While we are closed to visitors, if you are coming in for an X-ray, surgery or a pre-arranged and authorised visit on compassionate grounds, you will be given a hospital mask to wear for the duration of your visit. If you arrive wearing a homemade mask you will be asked to remove this and use the hospital mask to ensure the safety of our staff and others. This will be a requirement for entry into the health service.
Does it matter what you wash your hands with?
A: No, it doesn’t really matter what product you use, it’s the mechanical action of washing that is most important. You do need to use soap of some sort to create the sudsing that assists with removal of the micro-organisms. Washing should be vigorous and take about 20 seconds (one idea circulating at the moment is that this is about the length of time it takes to sing the Happy Birthday song twice). The water doesn’t need to be hot, it’s the soap and the action that’s most important. If you don’t have access to a hand basin you can use alcoholic hand sanitiser, making sure that the amount of alcohol in the product is over 60 per cent and preferably over 70 per cent If your hands are soiled you’ll need to wash them. Alcohol-based hand sanitiser won’t kill the micro-organisms if they can’t get to your skin.
Is the way you manage infection control at hospital different at home?
The basic principles of infection control are the same but within the hospital system we have a ‘magnified’ situation. We have more people and those people have contact with multiple patients and clients every day. Within the hospital system we need to be extremely vigilant because we have patients and clients who are elderly or very young, immunocompromised or at risk for a variety of reasons. So what we do is an accelerated version of basic infection control.
Why is hand washing and wiping surfaces so important?
Washing hands is the core of infection control. If you don’t have good hand hygiene the rest can be futile, whether you’re in a hospital or at home. Viruses like influenza and COVID-19 are all spread by contact and droplets. Essentially, you pick up one of these viruses by someone coughing or sneezing on you and the droplets come in direct contact with your mucous membranes (mouth/nose/ eyes) or, by touching a surface where the virus has been transported by someone else and bringing your hands to your face where it enters through the mucous membranes.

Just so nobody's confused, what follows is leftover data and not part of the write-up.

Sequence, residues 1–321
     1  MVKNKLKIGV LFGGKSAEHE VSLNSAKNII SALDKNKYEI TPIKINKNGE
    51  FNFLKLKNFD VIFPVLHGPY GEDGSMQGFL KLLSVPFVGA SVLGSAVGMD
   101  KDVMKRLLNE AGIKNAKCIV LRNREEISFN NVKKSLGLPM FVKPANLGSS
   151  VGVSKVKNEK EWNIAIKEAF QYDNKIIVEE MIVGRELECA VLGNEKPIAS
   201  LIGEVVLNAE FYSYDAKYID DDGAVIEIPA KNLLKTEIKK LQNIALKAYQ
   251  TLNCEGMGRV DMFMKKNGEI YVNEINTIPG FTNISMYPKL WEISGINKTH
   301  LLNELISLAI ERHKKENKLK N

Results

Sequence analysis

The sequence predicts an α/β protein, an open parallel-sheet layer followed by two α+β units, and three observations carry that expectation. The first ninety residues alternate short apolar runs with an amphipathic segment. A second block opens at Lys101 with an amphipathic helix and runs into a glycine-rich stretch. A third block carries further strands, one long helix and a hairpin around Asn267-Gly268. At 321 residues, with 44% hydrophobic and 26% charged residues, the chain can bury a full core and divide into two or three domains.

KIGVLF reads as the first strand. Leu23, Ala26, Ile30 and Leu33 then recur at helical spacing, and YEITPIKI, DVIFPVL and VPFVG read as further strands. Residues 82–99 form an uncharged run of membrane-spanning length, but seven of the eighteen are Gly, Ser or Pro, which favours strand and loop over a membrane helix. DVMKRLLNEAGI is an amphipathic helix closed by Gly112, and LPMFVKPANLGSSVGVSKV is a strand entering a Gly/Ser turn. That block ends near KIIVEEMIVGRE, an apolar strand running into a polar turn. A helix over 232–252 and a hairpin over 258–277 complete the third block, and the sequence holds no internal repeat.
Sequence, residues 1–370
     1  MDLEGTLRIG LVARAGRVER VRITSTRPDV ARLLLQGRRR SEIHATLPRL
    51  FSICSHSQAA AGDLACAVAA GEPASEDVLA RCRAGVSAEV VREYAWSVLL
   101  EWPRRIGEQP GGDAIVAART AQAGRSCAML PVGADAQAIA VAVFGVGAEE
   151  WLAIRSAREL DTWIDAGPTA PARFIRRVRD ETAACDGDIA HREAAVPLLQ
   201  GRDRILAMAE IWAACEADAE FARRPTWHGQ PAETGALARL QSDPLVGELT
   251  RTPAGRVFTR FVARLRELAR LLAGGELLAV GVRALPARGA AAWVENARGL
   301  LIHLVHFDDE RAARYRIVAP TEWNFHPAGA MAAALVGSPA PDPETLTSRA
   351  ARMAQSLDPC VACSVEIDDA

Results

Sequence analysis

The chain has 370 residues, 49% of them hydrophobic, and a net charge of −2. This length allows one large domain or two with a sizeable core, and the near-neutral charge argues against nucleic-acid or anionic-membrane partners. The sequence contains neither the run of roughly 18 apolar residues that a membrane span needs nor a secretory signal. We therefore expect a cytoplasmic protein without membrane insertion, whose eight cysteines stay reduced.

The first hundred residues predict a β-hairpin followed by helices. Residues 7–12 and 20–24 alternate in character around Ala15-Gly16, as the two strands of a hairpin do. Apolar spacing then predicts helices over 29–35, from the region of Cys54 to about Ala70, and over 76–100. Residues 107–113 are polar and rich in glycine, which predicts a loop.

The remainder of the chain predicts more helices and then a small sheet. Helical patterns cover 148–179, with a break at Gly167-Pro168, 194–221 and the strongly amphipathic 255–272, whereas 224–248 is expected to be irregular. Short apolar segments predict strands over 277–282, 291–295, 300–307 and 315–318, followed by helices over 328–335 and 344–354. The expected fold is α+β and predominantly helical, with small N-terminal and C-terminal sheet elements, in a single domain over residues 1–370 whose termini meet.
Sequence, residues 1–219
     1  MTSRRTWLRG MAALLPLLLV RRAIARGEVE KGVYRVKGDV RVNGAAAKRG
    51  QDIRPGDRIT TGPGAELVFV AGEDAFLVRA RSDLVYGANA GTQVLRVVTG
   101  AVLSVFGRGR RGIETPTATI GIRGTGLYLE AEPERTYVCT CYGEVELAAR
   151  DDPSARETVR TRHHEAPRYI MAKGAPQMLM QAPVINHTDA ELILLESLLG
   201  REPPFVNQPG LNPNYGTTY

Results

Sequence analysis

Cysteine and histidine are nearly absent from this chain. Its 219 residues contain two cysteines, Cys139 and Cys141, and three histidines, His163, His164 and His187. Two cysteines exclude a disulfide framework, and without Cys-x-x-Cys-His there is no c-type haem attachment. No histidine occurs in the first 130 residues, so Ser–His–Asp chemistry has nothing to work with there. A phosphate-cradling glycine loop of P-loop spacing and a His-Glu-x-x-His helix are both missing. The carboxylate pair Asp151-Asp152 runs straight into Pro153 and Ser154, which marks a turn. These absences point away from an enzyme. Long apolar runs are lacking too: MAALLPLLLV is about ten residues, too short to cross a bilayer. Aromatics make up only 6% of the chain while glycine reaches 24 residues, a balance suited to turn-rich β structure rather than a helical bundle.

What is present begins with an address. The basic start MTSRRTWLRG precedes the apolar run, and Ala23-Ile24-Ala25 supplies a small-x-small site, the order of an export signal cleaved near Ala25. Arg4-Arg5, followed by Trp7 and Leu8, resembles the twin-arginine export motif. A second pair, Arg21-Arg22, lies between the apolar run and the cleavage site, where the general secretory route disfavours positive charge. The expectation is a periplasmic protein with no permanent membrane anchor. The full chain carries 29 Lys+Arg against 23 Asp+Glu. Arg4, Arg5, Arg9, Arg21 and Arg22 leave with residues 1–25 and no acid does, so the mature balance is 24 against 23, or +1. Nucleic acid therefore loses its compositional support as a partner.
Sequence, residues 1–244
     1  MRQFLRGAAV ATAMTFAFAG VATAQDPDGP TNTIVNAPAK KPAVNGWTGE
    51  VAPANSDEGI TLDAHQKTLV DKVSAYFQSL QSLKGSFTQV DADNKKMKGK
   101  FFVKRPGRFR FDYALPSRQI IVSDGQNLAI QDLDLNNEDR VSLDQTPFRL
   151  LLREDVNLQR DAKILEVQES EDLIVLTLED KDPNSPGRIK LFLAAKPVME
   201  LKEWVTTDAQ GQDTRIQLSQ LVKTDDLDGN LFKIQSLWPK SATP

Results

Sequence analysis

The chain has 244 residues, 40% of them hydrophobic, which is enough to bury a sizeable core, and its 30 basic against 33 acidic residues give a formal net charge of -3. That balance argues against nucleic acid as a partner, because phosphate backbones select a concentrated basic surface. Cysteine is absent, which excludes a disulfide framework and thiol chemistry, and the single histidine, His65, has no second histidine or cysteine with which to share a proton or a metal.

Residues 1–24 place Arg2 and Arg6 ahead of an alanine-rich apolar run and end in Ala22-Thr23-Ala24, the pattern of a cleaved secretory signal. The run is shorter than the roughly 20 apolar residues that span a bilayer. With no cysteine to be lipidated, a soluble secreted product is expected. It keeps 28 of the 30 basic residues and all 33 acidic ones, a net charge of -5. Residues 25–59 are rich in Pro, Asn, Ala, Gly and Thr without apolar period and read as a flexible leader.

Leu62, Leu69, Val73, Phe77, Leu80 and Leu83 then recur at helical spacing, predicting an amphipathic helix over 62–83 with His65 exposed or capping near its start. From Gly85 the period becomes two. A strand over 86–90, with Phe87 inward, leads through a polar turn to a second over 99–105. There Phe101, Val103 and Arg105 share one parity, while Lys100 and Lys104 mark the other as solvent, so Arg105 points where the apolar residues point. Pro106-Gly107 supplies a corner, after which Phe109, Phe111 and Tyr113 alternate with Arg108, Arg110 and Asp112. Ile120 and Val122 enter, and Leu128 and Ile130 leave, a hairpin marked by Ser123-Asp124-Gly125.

Do I need antibacterial surface spray?
No, not in a home situation. It’s the mechanical process of cleaning that does the work. What you clean the surface with is less important. When it comes to how often a surface needs to be cleaned that’s down to what the surface is used for, what it’s exposed to and how many people have touched it. How long a virus can live on a surface varies, so frequent cleaning of surfaces you use often is best.
What else can I do?
Stick to the basics of infection control. In the current situation it is very important that you do as requested. If you’ve travelled or have been in contact with a case of COVID-19 and need to self-isolate. If you are feeling unwell, also stay home. Look after yourself, your health, your immune system and manage your stress levels. Try to live as normal a life as possible and care for your fellow human beings. Reach out and say hello. Make use of technology like FaceTime or Skype to contact an elderly relative or text a neighbour to see if they have everything they need. Be informed but choose reputable sources of information and think twice before you share unsubstantiated or sensational messages. You don’t know the impact it may have on someone who is already in a fragile state.
Adult Day Services
Are group programs and activities running?
No, our group programs, activities and outings are not currently operating due to COVID-19. We are keeping in touch with our clients by phone and sending weekly newsletters by email to help everyone feel connected. If you usually attend one of our programs or activities and are not receiving our newsletter please call the Adult Day Service on 03 5471 3566 so we can add you to the list.